Law firms’ fortunes rise and fall with the quality of their partners. By “quality” I do not mean partners’ brilliance, charisma, or ability to win cases and close deals. Rather, I define quality as members of law firm hiring committees do: a partner’s ability to bring in business.
The fierce competition for high-quality, profit-generating legal talent has led to what some call the “Lateral Wars,” as firms seek to entice partners from other firms to switch. In these Lateral Wars, each candidate—or, rather, each candidate’s projected stream of fees—is a prize to be won, and each candidacy is a battle, often among several competing firms.
Law firm leaders often ask, “What can we do to win the battle for attractive laterals?” Here are several principles that I share with them:
Make recruiting a priority
Building the partnership bench should rank high on firm management’s agenda—on par with such other strategic HR issues as succession planning and compensation. Internal promotion of associates is one way to build the partnership; lateral recruiting is the other. Accordingly, senior management should devote substantial time, attention, and—as needed—resources to lateral recruiting efforts.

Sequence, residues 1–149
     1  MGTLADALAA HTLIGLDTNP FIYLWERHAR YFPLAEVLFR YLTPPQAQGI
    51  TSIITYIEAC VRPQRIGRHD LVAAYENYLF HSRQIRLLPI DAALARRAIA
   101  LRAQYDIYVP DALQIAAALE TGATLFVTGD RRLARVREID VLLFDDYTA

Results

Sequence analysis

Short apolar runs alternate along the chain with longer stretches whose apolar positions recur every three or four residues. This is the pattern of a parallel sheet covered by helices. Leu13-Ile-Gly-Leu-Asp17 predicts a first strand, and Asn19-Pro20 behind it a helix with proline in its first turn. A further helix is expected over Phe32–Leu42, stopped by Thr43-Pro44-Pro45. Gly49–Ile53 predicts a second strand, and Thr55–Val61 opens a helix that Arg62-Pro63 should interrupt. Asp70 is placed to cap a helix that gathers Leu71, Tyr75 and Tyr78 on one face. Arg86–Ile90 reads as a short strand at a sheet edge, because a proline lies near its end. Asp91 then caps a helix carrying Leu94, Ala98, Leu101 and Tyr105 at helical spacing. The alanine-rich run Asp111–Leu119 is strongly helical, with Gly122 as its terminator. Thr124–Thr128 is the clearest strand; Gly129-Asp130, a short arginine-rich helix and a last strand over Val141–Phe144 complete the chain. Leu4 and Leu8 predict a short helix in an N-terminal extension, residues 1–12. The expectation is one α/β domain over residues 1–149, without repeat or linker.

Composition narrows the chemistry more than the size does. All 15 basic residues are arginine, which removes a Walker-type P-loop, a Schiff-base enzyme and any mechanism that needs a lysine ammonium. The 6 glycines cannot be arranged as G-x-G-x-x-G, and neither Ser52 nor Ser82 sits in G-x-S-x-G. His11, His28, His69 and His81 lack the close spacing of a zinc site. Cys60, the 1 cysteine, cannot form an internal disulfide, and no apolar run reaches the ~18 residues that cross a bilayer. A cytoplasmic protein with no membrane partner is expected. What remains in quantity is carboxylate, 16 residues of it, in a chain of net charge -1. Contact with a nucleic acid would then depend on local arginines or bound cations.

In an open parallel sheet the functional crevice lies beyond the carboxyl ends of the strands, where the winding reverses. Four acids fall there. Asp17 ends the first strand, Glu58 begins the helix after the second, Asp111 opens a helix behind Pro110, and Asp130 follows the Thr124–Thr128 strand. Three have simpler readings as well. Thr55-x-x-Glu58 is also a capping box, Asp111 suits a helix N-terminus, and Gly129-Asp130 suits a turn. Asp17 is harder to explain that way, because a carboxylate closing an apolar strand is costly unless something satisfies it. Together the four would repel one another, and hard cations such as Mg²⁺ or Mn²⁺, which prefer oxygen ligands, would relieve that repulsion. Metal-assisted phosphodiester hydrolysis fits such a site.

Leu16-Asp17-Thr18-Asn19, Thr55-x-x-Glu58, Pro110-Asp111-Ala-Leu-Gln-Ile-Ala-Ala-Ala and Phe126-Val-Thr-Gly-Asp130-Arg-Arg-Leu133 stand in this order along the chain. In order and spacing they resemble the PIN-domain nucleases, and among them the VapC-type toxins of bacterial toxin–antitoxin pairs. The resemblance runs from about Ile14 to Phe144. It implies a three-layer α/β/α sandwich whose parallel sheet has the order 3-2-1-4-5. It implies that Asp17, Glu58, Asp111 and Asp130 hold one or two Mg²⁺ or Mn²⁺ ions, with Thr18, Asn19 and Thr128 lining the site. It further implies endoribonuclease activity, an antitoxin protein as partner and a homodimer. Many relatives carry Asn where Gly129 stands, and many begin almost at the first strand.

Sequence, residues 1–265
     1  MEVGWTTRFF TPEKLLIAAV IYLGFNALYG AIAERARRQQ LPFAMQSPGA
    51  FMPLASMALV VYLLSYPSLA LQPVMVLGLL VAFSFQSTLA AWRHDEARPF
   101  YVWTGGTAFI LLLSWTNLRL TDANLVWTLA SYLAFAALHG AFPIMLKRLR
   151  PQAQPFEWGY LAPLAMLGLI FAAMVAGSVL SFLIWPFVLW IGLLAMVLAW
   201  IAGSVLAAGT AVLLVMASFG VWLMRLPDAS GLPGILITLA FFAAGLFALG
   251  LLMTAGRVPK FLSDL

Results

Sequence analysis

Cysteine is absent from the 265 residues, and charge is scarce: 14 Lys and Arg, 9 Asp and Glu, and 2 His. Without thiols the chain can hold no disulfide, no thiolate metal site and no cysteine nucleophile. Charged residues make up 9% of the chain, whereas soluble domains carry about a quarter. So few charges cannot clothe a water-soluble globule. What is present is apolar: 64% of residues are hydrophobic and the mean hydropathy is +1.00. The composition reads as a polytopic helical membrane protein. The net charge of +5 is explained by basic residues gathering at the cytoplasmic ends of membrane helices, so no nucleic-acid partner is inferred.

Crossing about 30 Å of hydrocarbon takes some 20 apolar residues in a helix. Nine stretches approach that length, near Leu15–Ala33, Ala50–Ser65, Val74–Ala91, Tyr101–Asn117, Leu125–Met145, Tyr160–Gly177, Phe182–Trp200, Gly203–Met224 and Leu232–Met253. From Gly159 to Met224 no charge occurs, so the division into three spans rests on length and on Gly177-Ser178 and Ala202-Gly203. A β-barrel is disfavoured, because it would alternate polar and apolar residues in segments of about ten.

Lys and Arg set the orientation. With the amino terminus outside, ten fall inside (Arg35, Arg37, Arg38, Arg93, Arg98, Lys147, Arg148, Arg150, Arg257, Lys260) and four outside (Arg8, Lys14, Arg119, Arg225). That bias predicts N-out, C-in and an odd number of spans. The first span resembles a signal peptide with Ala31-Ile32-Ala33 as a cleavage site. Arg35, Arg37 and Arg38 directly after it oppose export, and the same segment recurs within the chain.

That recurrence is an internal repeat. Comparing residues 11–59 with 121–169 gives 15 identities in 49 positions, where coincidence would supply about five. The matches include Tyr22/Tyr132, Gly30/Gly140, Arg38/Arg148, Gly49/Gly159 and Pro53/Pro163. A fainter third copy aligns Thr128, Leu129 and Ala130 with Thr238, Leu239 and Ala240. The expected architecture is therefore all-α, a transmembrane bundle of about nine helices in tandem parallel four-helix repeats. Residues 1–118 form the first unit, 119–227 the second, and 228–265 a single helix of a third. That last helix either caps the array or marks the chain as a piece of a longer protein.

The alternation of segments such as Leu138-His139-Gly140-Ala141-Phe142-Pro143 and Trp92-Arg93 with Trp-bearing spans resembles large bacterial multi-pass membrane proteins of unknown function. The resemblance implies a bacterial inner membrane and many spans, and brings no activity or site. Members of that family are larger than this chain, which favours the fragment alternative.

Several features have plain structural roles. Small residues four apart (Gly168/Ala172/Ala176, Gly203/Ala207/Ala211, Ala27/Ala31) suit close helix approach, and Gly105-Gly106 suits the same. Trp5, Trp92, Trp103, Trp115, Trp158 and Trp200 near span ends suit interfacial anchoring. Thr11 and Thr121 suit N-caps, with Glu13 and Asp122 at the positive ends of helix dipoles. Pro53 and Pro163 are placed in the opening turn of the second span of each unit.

For example, senior management needs to be heavily involved in efforts to recruit partner-level talent. Whether by being available to interview and woo candidates, or by protecting blocks of hours for in-depth hiring discussions, law firm partners need to devote time and effort to adding partner-level colleagues. Often, this is not the case—as when partners push even some substantive conversations to their in-house recruiting staff, rather than taking the time to communicate with partner-level candidates or their recruiters directly. However, in my decade of experience as a partner-level legal recruiter, I have observed that the firms most successful at attracting partner-level talent are the ones that interpose the fewest barriers between candidates, outside recruiters, and current firm partners. Particularly where multiple firms compete for the same candidate, senior management must be available and responsive in answering that candidate’s queries and understanding his or her concerns. After all, a major motivation for candidates to explore their options in the first place is the often-stated complaint that their current firm has “too much bureaucracy.” Thus, the more direct access to partner-level firm representatives, the better.
Establish effective recruiting processes by measuring results
Virtually every major law firm has some partner-level recruiting process in place. But how effective or efficient are such processes? Most firms have no idea; they don’t measure results systematically. Employing a basic tracking system is best way to start gathering data on the effectiveness of a firm’s recruiting efforts:
- How many partner candidates does the firm see per year?
- How many of them receive offers?
- How much time typically elapses from initial contact to actual offer, and what can be done to compress that period?